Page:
Still another device, described in U.S. Pat. No. 5,116,219 to Zimmerman, employs a vacuum to capture insects and a fluid to drown the captured insects. U.S. Pat. No. 5,241,779 to Lee describes a device that uses a vacuum to capture insects and electricity to kill the captured insects. Because the capture of fire ants necessarily requires that a portion of the fire ant mound also be collected, however, the use of electricity or fluid for extermination purposes would be ineffective.
Another problem associated with collecting fire ants relates to the behavior of the fire ants themselves. When there are vibrations near the mound or the mound is physically disrupted, the fire ants react defensively. During this defensive reaction process, a number of the fire ants in the mound, including the queen, retreat into the underground tunnels of the mound while the remainder of the fire ants remain in the upper portion of the mound to defend the mound. However, in order to exterminate the mound, the queen must be collected and killed along with a large percentage of the ants in the mound. Therefore, the collection device must be relatively silent as it approaches the mound so as to not elicit defensive behavior from the ants until the collection operation begins. Prior devices have not overcome this hurdle. The device described in U.S. Pat. No. 4,683,673 to Taylor, for example, is mounted on a farm tractor. When the tractor approaches the mound the mound vibrates and the fire ants react defensively well before the device can operate on the mound.
It is therefore a general object of the invention to overcome the above described limitations and others of the prior fire ant collection and extermination devices. Particularly, it is an object of the invention to provide a device that may be used to approach a fire ant mound without triggering the fire ants' defensive response. It is further an object of this invention to provide a device for capturing a significant portion of the fire ants in a mound including the queen fire ant. Finally, it is an object of this invention to provide a device capable of exterminating the captured fire ants without harming the environment.
To accomplish these objects, a fire ant collection and extermination device includes a rigid hollow container, a primary vacuum unit, and an inlet hose to which a digging attachment attaches. Preferably, the container is formed of metal and is removably mounted on a carriage. Construction in this manner allows a full container to be removed from the carriage and another container to be mounted upon the carriage for further collection. The carriage allows the extermination device to be positioned near a fire ant mound without triggering the defensive response of the fire ants in the mound. The primary vacuum unit preferably mounts atop the container and draws air from inside the container so as to create a vacuum within the container. An outlet opening formed on the primary vacuum unit allows air to exit from the primary vacuum unit. An inlet opening formed in a wall of the container connects to a first end of the inlet hose so that air is drawn in through a second end of the inlet hose, out the first end of the inlet hose, and into the container. The digging attachment allows a user to loosen up the dirt in the mound so the device may collect as much of the mound as possible.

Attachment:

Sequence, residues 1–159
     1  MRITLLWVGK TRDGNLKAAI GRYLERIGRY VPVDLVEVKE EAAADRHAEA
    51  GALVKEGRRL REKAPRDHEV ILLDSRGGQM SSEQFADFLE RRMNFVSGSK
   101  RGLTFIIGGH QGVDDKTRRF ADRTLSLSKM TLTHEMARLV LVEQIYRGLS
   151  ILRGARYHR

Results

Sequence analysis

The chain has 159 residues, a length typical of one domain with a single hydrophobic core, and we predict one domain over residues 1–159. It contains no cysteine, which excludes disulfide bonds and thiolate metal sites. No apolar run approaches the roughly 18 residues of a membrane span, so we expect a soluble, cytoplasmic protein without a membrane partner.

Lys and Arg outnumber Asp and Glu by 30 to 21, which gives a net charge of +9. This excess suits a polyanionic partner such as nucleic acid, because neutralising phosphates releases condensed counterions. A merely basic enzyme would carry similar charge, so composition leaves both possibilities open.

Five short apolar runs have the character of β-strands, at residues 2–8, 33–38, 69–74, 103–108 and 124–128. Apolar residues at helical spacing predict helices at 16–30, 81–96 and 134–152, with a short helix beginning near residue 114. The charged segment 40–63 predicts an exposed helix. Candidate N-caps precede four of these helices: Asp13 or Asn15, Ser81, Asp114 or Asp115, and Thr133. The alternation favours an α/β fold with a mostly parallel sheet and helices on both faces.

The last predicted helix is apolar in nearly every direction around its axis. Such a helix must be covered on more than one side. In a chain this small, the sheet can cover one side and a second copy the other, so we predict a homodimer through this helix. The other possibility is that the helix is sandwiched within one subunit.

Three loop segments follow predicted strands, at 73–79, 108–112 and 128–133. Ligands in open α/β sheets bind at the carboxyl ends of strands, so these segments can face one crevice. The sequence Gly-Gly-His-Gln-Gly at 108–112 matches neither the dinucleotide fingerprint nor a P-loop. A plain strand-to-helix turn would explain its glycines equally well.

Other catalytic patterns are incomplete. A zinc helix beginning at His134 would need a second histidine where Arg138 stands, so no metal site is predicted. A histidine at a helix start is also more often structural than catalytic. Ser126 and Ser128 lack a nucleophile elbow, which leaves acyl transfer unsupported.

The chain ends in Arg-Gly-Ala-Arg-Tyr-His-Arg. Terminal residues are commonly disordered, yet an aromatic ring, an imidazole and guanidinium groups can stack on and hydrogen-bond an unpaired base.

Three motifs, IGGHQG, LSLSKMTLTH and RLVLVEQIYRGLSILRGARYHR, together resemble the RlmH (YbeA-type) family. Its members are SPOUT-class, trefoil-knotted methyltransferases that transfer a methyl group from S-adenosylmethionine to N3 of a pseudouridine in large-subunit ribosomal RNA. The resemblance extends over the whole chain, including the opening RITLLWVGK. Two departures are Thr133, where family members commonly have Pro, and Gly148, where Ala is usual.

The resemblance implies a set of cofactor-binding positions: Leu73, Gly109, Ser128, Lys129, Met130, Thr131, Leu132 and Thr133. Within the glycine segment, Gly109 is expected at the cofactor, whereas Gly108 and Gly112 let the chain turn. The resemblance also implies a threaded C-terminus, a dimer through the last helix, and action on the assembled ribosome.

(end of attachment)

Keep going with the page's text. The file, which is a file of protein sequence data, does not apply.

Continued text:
In order to exterminate the fire ants contained within the collected material, the device is capable of holding a vacuum within the container to asphyxiate the fire ants. Means for sealing the inlet opening and the outlet opening associated with the primary vacuum unit seal the container against the atmosphere. Preferably the container includes a vacuum receiving nipple which connects to an external vacuum source to remove a substantial portion of the air from within the container. Creating a vacuum within the container effectively exterminates the fire ants without polluting the contents of the container. Therefore, once the fire ants have been exterminated, the remains may be used as a soil additive, for gardening, or may be used to fill the hole left in the ground where mound contents were removed.
In a preferred embodiment, the inlet hose attaches to the vacuum container at an upper portion of the container, the inlet hose bending near where it connects to the container. This curved portion collects dirt and debris during the collection operation and may become clogged if the mound has a high moisture content. Thus, the present invention includes inlet clearing buttons that allow a user to clear the curved portion without removing the inlet hose from the container, and thus allow a user to continue on with the treatment.
These and other objects, advantages, and features of the invention will be apparent from the following description of the preferred embodiments, considered along with the accompanying drawings.
FIG. 1 is a mostly diagrammatic perspective view of a preferred embodiment of an apparatus incorporating the principles of the present invention.
FIG. 2 is a mostly diagrammatic partial section view taken along line 2--2 of FIG. 1 detailing a digging attachment associated with the preferred embodiment of the apparatus of the present invention.
FIG. 3 is a partial longitudinal section view taken along line 3--3 of FIG. 1 and partially broken away to detail the intake arrangement of the present invention.
A fire ant collection and extermination device 10 embodying the principles of the present invention is shown by way of illustration in FIGS. 1-3. Referring to FIG. 1, the device 10 comprises a container 12, an inlet hose 14, and a primary vacuum unit 16.
The container 12 preferably is constructed of a lightweight metal such as aluminum and mounted upon a carriage 13 for ease in transport. The carriage 13 comprises two large wheels 15 rotatably mounted on a rigid frame 17 such that a user may grasp a carriage handle 19 to pull the carriage. Constructed in this manner, the carriage 13 allows a single user to easily move the heavy container 12 along and all of the other components of the device 10 adjacent to a fire ant mound without disturbing the fire ants and eliciting a defensive behavior from the fire ants.